Keys to Major Life Changes from Harvard & Ted Lasso
I don’t know about you, but I’m having a hard time getting back into the swing of things in 2022. Between the ups and downs of our weather and the alarming rate of COVID infections, it has been a challenge to stay focused. But I’m committed to ensuring that 2022 isn’t a “lost year.” To help, I thought I’d start the year with a blog on change AND transformation. We talk a lot about change, but not enough about transformation. Change is inevitable, but transformation requires a choice followed by solid execution. In my experience, both personally and professionally, transformation requires a clear, measurable vision, an open mindset and focused discipline. These are great in theory, but how do we achieve them? To get us started, I am sharing two fun sources. The first is my favorite article from 2021 by Harvard researcher, Herminia Ibarra; it catalogs the “3 Phases of Making a Major Life Change.” The second is my favorite TV show of 2021, “Ted Lasso,” which is the Apple TV+ series that follows an American “football” coach in England. We are kicking off this year with a little fun and the best practical tips for change and transformation based on research and our favorite Ted Lasso-isms.
Phase 1: Challenge Accepted & Supported (or Separation)
“Taking on a challenge is a lot like riding a horse, isn’t it?” If you’re comfortable while you’re doing it, you’re probably doing it wrong.” — Ted Lasso
The Harvard research supports my own experience leading social organizations through change — growing pains create the conditions for change, but we rarely “think our way into a new way of acting.” Part of the problem is that for transformation to happen, we need to be comfortable with the change. As Arthur Burt said, “Nothing happens until the pain of remaining the same outweighs the pain of change.” This is why most people don’t lose weight until they have a major medical condition that requires it. Or why you change a lot when going to college or moving to a new place. And why most people contact me for a strategic plan when their organization is in crisis or decline instead of in a growth phase.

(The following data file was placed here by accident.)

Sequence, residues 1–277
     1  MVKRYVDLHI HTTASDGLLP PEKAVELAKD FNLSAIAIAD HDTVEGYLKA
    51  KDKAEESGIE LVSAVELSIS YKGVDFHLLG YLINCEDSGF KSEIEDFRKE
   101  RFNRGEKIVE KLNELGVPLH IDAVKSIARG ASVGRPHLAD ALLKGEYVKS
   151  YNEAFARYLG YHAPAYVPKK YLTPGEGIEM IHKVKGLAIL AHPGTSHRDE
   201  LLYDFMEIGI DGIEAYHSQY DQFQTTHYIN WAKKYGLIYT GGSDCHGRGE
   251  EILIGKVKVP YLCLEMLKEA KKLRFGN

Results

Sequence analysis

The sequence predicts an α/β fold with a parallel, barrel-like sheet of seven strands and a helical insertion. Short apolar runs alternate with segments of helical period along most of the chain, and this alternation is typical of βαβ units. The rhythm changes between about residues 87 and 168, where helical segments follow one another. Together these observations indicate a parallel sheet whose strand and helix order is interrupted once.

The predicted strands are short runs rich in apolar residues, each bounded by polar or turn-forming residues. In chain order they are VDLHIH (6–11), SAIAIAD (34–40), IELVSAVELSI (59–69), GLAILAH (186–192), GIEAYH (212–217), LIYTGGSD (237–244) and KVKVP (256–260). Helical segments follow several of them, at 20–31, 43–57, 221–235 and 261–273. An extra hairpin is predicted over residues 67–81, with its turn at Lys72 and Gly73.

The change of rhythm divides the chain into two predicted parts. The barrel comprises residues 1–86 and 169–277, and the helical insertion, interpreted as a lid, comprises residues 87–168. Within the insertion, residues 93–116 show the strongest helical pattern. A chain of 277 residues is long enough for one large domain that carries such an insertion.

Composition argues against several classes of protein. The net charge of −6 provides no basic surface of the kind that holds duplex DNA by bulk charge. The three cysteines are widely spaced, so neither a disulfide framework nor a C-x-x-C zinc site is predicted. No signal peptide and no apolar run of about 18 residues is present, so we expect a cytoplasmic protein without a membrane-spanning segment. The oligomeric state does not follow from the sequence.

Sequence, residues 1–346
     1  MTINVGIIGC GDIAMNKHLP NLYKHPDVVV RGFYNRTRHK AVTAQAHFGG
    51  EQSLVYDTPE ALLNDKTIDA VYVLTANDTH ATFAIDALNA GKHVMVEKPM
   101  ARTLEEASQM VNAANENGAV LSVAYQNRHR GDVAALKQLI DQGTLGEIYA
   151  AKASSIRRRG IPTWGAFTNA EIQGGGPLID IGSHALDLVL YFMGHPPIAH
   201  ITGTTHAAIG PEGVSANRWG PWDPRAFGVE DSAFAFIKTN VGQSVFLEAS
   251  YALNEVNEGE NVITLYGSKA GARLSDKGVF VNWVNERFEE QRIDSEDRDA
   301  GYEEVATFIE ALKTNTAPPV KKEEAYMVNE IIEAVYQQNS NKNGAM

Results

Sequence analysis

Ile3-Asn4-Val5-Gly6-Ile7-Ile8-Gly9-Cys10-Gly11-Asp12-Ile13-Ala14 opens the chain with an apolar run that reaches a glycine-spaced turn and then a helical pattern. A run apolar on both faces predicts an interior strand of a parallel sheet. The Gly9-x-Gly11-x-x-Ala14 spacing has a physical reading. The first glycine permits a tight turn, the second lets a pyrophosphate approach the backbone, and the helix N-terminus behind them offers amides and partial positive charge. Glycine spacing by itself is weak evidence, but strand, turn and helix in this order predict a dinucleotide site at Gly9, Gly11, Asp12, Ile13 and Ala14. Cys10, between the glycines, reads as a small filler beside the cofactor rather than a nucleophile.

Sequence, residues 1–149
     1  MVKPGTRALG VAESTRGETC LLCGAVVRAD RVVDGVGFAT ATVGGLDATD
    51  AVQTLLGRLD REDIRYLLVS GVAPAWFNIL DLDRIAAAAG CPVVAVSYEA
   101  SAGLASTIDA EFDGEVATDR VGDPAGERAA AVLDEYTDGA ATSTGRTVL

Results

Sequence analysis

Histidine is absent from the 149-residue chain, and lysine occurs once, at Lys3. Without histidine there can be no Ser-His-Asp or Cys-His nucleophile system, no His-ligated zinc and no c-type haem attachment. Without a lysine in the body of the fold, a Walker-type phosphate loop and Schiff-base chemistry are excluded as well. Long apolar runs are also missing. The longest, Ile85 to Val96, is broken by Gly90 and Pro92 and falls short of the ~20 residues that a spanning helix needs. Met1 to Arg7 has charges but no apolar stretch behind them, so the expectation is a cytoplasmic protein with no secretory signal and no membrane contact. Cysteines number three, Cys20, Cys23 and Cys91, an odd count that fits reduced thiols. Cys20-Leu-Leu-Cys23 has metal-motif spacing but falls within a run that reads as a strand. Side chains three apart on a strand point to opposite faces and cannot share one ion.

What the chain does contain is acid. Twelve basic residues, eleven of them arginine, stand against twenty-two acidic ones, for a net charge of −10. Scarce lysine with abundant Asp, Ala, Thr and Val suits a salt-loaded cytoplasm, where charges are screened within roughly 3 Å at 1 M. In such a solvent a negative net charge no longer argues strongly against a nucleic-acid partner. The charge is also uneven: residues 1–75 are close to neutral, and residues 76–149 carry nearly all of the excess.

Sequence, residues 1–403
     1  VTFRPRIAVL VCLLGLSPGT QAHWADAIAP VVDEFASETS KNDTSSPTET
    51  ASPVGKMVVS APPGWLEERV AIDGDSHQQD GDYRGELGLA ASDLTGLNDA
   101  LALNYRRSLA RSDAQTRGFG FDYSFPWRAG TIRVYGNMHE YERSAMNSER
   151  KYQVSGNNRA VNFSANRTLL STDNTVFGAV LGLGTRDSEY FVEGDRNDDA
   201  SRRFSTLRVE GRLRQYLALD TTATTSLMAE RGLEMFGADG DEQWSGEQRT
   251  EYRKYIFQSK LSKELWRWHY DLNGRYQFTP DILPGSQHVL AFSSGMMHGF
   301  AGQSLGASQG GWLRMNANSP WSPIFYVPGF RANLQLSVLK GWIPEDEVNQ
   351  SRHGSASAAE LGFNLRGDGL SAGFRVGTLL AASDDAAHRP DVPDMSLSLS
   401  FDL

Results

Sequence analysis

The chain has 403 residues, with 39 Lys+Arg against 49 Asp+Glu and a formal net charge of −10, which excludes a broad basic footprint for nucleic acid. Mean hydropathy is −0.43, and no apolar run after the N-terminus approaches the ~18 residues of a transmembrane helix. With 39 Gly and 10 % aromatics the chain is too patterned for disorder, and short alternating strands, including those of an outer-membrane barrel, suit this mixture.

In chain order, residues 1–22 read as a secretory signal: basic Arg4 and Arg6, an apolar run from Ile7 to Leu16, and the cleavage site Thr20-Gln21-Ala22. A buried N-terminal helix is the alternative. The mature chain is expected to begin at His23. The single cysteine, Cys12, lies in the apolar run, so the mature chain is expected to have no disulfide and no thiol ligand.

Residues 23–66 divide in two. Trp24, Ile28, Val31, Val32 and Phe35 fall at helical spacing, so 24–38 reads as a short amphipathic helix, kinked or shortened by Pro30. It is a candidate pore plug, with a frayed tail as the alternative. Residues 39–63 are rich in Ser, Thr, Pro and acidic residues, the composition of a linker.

The first phase of a transformation is called “Separation” in the framework that Herminia Ibarra developed because research suggests that we are more “malleable when separated from the people and places that trigger old habits and old selves.” This change can be physical or situational. We generally surround ourselves with people like ourselves, so surrounding ourselves with those who will challenge us or support our new change is important (e.g., Weight Watchers, Running Clubs, Accountability Circles). But these new people are likely to make us uncomfortable, so we must get comfortable with being uncomfortable.
So, what does this mean? As you set your New Year’s resolutions, think about the conditions surrounding them. What and who do you need to make them happen? What support can others provide you to help you move forward? The research shows that the more people you tell about the resolution, the more you are held accountable (albeit sometimes unconsciously). So, post your resolution on Facebook and tell people your plans or goals. (My goal: finally, write my book!)
Phase 2: Learning Outside Your Comfort Zone (or Liminality)
“I believe in Communism. Rom-communism, that is. If Tom Hanks and Meg Ryan can go through some heartfelt struggles and still end up happy, then so can we.” — Ted Lasso